The True Cost of Amazon Revealed in New Study

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    On January 25, at Winter Institute 11, Civic Economics and the American Booksellers Association released a groundbreaking new study, “Amazon and Empty Storefronts,” which details the overall negative impact that Amazon has had on Main Street retailers and jobs, and the communities in which they are located, across the country.

    While Amazon generally receives substantial subsidies and tax breaks from states and municipalities for opening warehouses staked on the premise that these warehouses will create thousands of jobs, the national results are quite the opposite. Even counting all the jobs in Amazon distribution centers, Amazon sales produced a net national loss of 135,973 retail jobs, and the study showed that a total of more than $1 billion in revenue is lost to state and local governments.

    “This unprecedented study makes abundantly clear the deleterious effects on the American economy resulting from Amazon’s strategy of retail dominance,” said ABA CEO Oren Teicher. “It’s our hope that the facts included in this report will help policymakers and the public better understand the need for more diversity in the marketplace and help them recognize the potential long-term costs of the loss of healthy local economies.” (For the complete study, executive summary, or individualized state summaries, click here.)

    For the study, Civic Economics focused on two broad classes of impact: Fiscal (relating to public revenue) and Land Use (relating to development patterns at the local level). The report looks at calendar year 2014, the last year for which reliable data is available. Online sales have, the authors note, only grown since then.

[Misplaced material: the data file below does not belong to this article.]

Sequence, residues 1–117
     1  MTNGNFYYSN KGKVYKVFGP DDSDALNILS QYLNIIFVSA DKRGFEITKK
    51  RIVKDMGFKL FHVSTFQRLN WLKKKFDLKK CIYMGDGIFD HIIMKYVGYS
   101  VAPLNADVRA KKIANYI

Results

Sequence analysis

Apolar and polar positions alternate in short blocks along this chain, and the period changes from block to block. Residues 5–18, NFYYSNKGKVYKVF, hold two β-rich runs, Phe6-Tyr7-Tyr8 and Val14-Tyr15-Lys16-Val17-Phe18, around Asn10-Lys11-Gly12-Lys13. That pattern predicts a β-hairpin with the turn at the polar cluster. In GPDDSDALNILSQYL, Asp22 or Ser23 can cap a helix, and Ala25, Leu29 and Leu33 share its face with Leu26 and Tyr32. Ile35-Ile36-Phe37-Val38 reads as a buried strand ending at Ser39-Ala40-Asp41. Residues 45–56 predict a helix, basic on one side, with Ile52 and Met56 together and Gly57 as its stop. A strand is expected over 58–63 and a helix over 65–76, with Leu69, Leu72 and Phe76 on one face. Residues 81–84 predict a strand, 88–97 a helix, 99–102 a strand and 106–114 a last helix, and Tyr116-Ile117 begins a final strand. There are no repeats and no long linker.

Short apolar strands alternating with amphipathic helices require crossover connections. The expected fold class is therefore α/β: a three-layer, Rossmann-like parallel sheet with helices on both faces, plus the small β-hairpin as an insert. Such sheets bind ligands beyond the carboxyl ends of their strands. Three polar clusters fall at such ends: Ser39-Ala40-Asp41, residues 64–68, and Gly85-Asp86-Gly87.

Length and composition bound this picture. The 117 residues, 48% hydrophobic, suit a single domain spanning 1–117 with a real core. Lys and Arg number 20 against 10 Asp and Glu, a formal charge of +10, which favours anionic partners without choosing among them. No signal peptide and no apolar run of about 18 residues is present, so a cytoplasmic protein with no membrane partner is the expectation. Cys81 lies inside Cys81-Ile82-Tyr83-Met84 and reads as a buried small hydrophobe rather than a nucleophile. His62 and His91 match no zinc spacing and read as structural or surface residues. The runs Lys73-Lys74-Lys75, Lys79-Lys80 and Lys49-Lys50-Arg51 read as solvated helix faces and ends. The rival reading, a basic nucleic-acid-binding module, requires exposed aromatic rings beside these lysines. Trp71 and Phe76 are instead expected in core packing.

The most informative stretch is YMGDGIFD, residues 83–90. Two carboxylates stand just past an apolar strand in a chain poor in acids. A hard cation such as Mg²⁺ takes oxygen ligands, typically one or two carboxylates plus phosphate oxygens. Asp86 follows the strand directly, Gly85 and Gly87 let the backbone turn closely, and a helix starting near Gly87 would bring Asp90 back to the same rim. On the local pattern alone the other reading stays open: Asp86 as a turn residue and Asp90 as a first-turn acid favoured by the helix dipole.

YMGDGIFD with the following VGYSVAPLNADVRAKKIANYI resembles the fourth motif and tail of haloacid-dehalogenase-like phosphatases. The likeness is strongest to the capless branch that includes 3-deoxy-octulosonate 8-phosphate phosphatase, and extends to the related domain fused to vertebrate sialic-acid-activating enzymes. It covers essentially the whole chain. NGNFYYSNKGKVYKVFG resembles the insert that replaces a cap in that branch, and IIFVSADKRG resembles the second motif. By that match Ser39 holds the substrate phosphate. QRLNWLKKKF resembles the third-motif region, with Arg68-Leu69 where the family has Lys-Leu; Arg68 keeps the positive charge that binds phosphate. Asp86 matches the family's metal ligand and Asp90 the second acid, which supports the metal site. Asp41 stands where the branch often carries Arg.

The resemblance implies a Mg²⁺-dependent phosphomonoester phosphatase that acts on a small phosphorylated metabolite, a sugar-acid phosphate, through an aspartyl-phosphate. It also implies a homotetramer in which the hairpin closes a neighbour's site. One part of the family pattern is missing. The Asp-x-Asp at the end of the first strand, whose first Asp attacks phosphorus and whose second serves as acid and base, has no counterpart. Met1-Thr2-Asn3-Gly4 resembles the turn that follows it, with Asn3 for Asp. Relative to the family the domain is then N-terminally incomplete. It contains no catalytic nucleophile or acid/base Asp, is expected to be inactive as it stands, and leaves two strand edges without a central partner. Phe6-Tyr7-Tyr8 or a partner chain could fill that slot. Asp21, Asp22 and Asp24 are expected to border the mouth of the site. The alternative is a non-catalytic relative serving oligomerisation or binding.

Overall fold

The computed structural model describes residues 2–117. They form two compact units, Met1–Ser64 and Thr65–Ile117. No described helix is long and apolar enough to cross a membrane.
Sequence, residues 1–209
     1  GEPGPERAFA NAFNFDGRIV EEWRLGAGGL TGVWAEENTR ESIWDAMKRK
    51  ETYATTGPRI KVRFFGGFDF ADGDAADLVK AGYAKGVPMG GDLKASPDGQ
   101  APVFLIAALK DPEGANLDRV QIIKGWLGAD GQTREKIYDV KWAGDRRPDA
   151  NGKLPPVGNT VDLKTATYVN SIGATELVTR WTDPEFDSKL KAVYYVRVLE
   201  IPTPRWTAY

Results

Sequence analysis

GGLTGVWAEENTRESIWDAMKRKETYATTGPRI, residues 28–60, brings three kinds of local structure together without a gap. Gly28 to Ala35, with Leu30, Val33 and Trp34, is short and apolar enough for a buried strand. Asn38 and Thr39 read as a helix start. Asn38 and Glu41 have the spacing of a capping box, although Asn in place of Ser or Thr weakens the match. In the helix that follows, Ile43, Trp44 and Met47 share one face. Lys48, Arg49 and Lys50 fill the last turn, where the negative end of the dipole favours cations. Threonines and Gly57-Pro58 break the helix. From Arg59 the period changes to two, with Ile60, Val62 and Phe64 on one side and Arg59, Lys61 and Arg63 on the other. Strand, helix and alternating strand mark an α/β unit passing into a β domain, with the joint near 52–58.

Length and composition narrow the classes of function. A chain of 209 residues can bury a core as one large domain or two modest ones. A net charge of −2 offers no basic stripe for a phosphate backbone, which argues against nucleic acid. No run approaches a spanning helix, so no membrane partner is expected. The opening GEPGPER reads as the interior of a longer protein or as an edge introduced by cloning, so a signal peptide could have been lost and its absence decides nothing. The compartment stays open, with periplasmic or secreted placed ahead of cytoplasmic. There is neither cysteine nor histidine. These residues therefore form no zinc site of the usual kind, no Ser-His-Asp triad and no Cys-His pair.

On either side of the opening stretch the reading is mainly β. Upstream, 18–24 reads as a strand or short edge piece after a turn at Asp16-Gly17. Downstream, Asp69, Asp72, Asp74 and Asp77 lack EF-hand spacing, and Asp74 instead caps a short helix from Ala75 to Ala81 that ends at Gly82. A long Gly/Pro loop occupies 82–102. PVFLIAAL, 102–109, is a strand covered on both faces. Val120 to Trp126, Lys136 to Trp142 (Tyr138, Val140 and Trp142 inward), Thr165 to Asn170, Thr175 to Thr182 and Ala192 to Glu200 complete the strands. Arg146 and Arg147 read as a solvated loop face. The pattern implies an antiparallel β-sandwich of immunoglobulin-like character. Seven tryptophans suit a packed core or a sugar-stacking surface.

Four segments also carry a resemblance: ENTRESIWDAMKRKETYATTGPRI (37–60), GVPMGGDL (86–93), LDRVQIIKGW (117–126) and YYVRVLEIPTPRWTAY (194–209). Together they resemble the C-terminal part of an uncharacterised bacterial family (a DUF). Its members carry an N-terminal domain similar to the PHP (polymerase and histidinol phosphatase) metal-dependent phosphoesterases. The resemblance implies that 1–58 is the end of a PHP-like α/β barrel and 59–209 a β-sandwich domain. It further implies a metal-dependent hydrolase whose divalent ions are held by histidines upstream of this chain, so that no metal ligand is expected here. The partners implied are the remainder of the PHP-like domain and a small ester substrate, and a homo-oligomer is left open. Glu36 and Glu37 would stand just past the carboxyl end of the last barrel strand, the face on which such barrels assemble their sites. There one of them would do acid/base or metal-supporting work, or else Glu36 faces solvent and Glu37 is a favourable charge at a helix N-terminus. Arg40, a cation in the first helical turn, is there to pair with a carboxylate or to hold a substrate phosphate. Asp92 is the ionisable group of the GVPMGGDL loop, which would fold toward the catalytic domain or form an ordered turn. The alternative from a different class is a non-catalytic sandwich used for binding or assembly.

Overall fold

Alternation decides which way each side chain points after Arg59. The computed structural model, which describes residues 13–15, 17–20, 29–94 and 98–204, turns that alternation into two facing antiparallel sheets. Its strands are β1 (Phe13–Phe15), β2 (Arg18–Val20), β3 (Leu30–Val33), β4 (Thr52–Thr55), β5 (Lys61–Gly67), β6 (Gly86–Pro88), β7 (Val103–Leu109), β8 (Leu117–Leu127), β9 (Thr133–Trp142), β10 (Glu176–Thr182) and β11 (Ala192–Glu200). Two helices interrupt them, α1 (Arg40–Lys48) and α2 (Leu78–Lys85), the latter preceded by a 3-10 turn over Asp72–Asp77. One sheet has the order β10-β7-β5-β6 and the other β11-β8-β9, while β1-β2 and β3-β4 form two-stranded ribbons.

To determine impacts, Civic Economics quantified Amazon sales at the state level to uncover how much sales tax went unpaid at the state and local level and how the shift from Main Street stores impacts property tax revenue. Nearly half of all states still collect no sales tax revenue from Amazon sales, and others collect only partial sales taxes, producing a nationwide sales tax gap of $625 million.

    Overall, in 2014, Amazon sold $44.1 billion worth of retail goods nationwide, all while avoiding $625 million in state and local sales taxes, the study reports. These sales are the equivalent of more than 30,000 retail storefronts or 107 million square feet of commercial space, which might have paid $420 million in property taxes and employed 136,000 workers.

    Importantly, this is just the tip of the iceberg. The study’s authors stress: “As Internet sales have risen unabated in recent years, little attention has been paid to the effects of that growth on American communities…. We focus exclusively on Amazon, which likely accounts for only one-third or less of total online retail. Given those limitations, these findings should be seen as a sign of far bigger impacts to come.”